Book: The Somnambulist

Title: The Somnambulist
Author: Jonathan Barnes
Genre: Historical Fiction
Length: 353 pgs.

Summary: Edward Moon, the great detective magician, is past his prime and no longer guaranteed a spot at the tables of the upper crust. When a bizarre case falls into his lap, Moon is sure this will be his greatest and last adventure; his constant and silent companion, The Somnambulist,  warns Moon that this will end badly as assassins from other worlds intervene.

Excerpt:

pg 1 – Be warned. This book has no literary merit whatsoever. It is a lurid piece of nonsense, convoluted, implausible, peopled by unconvincing characters, written in drearily pedestrian prose, frequently ridiculous and wilfully bizarre. Needless to say, I doubt you’ll believe a word of it.

pg 92 – Forgive me if the above sounds condescending—I add this last detail only for the benefit of the ignorant and for tourists. I should hope my readers educated enough to recognize the significance of Wren’s achievement without it being explained to them, but regrettable it remains the case that one must always make allowances for dullards. I cannot police the readers of this manuscript and it is a sad and tragic truth that I have never yet succeeded in underestimating the intelligence of the general public.

Why should you read this book?

Well, the inside cover tells me to “remember the name Jonathan Barnes…for he has burst upon the literary scene with a breathtaking and brilliant, frightening and hilarious, dark invention that recalls Neil Gaiman…read on…and be astonished!”

I’m sad to say that I was not impressed, no matter how the inside cover encouraged me to be suitably astonished and bewildered. I was bewildered, but only because I continued to read the book despite the very annoying, self-indulgent narrator who liked to tell me that the entire chapter I just read was a bald-faced lie. This narrator reminded me of all the arrogant guys in my life that I’ve avoided, and it was only by fierce willpower that I got to the end, which was, thankfully, interesting and well-written.

Read this book if you’re interested in taking complete advantage of the first person narration so your reader questions what is true and what isn’t. And if you want to leave them confused and a little annoyed by the end of the last page.

14 thoughts on “Book: The Somnambulist

  1. You know, when I was still shelving books I came across The Somnambulist. I was thisclose to reading it, but I read a line on page 1 (same on you posted above, actually) and shut it right away. Glad to see I made the right choice! 🙂

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  2. You know, when I was still shelving books I came across The Somnambulist. I was thisclose to reading it, but I read a line on page 1 (same on you posted above, actually) and shut it right away. Glad to see I made the right choice! 🙂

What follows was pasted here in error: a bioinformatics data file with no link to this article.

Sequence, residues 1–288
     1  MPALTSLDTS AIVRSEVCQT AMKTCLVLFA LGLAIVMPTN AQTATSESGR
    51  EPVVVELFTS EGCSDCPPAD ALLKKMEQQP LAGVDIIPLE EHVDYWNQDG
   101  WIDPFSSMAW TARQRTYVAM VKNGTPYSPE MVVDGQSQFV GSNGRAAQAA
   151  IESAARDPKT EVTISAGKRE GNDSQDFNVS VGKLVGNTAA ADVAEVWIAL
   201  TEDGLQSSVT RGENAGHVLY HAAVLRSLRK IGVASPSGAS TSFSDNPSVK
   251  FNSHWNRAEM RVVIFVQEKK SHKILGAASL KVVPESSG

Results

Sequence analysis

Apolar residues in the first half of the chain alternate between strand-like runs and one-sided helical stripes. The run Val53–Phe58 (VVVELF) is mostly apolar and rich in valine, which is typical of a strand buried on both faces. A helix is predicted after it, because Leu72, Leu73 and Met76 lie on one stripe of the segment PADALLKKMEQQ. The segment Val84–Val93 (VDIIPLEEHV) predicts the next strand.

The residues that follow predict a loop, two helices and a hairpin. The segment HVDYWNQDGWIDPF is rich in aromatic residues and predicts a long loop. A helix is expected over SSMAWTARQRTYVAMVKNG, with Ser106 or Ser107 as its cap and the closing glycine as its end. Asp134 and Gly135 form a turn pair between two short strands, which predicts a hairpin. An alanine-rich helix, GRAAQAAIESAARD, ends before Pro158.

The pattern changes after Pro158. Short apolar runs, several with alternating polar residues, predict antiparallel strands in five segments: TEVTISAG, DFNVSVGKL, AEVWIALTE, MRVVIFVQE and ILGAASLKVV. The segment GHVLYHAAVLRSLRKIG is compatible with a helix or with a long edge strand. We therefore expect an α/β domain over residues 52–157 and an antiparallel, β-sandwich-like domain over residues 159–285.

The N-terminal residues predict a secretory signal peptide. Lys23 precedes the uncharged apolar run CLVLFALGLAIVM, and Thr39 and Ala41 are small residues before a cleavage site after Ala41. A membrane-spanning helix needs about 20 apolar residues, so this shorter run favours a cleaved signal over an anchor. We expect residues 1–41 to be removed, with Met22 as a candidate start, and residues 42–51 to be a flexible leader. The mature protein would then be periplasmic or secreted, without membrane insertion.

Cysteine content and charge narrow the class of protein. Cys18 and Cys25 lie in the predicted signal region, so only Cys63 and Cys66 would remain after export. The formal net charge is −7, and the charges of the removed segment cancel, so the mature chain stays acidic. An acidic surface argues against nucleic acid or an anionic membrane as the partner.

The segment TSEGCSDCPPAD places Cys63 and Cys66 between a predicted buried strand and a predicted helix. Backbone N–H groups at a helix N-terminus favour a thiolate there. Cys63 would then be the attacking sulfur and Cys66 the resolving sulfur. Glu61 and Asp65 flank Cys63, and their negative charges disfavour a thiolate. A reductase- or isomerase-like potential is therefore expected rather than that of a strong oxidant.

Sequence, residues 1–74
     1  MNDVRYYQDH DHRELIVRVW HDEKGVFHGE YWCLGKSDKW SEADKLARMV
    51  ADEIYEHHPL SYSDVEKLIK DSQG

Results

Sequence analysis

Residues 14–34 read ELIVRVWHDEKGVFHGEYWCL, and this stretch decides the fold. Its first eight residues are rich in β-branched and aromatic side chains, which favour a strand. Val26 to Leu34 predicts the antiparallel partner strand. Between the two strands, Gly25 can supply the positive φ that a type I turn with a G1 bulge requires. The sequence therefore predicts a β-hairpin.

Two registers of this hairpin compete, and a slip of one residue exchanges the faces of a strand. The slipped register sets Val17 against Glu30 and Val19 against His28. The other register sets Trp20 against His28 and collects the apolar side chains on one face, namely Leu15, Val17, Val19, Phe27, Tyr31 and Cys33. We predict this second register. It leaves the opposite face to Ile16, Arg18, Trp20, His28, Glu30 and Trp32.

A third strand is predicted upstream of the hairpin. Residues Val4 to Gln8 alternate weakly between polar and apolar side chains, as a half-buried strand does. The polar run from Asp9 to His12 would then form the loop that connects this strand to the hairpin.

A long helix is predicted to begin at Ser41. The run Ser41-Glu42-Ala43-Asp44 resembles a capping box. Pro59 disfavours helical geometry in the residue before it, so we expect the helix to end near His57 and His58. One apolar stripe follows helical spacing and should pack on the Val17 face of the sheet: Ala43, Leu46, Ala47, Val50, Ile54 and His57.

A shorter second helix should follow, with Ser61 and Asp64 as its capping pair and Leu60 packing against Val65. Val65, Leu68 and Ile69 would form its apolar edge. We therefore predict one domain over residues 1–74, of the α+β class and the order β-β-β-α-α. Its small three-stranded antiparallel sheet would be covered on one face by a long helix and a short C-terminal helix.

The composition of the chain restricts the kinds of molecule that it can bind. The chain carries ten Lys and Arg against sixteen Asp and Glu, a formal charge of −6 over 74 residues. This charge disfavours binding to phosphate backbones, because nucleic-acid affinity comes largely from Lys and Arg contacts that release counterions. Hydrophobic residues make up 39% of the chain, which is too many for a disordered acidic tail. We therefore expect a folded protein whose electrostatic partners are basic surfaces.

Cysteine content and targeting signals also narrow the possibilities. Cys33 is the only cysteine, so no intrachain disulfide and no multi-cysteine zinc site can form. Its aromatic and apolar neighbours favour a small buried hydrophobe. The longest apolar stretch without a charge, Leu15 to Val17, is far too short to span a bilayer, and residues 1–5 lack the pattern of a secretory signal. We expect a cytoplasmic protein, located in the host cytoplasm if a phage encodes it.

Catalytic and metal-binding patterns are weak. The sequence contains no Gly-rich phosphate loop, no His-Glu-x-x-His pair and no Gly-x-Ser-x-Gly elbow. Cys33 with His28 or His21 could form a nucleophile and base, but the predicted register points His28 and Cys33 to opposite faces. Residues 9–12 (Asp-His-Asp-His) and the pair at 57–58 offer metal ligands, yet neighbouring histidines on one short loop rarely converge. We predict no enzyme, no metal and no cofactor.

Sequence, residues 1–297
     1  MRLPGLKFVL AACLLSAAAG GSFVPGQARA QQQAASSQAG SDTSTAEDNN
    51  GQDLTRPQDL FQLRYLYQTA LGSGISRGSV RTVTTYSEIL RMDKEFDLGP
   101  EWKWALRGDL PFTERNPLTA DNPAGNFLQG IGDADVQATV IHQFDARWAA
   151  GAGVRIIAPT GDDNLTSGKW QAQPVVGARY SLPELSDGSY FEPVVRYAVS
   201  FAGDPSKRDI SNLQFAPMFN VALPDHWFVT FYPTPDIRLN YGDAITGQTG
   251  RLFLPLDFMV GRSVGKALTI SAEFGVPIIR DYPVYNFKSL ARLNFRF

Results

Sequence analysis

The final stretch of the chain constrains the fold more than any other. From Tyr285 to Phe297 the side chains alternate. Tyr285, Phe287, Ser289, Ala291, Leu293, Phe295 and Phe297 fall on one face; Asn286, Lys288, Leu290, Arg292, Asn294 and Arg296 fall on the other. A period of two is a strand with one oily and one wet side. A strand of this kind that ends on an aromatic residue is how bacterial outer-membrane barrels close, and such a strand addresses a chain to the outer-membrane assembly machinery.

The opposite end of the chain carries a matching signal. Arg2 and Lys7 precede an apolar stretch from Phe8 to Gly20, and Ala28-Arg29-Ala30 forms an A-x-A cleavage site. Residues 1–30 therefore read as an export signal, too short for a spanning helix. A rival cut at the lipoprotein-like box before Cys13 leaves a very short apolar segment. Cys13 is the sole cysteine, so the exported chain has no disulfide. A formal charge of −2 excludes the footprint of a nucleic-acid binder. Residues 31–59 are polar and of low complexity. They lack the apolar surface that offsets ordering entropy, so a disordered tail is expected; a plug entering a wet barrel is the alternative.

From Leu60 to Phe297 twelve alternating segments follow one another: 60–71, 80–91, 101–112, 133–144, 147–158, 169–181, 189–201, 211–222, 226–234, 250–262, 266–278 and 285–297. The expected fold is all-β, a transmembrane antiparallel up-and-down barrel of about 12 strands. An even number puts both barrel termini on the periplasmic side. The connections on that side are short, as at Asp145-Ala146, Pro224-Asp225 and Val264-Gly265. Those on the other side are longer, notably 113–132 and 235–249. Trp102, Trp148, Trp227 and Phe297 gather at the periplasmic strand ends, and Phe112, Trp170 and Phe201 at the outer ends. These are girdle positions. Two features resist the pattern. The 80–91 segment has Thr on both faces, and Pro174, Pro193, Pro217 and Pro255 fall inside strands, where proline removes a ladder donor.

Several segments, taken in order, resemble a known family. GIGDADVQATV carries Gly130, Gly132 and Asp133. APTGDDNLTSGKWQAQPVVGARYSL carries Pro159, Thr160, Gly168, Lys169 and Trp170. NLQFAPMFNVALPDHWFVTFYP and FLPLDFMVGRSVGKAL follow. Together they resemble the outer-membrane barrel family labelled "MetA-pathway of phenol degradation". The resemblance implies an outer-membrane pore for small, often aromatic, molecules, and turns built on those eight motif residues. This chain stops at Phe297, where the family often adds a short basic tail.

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  3. Yes, you made a very good decision. I had wanted to like this book so much and came away very disappointed.

    In other news not related to writing, I’m officially in the middle of my graduate orientation week. And I’m already tired.

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  4. Yes, you made a very good decision. I had wanted to like this book so much and came away very disappointed.

    In other news not related to writing, I’m officially in the middle of my graduate orientation week. And I’m already tired.

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  5. I read all of Somnambulist… I loved it for the first 100 pages or so. (I’m a big Neil Gaiman fan and the warning at the beginning just made me want to read). But then, somewhere in the middle, I felt like I didn’t understand what was happening anymore and I hate feeling stupid as a reader. I’ve told several people to skip this title too…

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  6. I read all of Somnambulist… I loved it for the first 100 pages or so. (I’m a big Neil Gaiman fan and the warning at the beginning just made me want to read). But then, somewhere in the middle, I felt like I didn’t understand what was happening anymore and I hate feeling stupid as a reader. I’ve told several people to skip this title too…

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  7. I don't know…I love Neil Gaiman but that beginning just turned me off. I know Gaiman has done something similar, but it didn't give me such a negative reaction.

    And I agree. Halfway through the book I felt like I lost complete control of the plot, the twists, and even the characters. And the ending didn't make any sense to me, especially the last page.

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  8. I don’t know…I love Neil Gaiman but that beginning just turned me off. I know Gaiman has done something similar, but it didn’t give me such a negative reaction.

    And I agree. Halfway through the book I felt like I lost complete control of the plot, the twists, and even the characters. And the ending didn’t make any sense to me, especially the last page.

    Like

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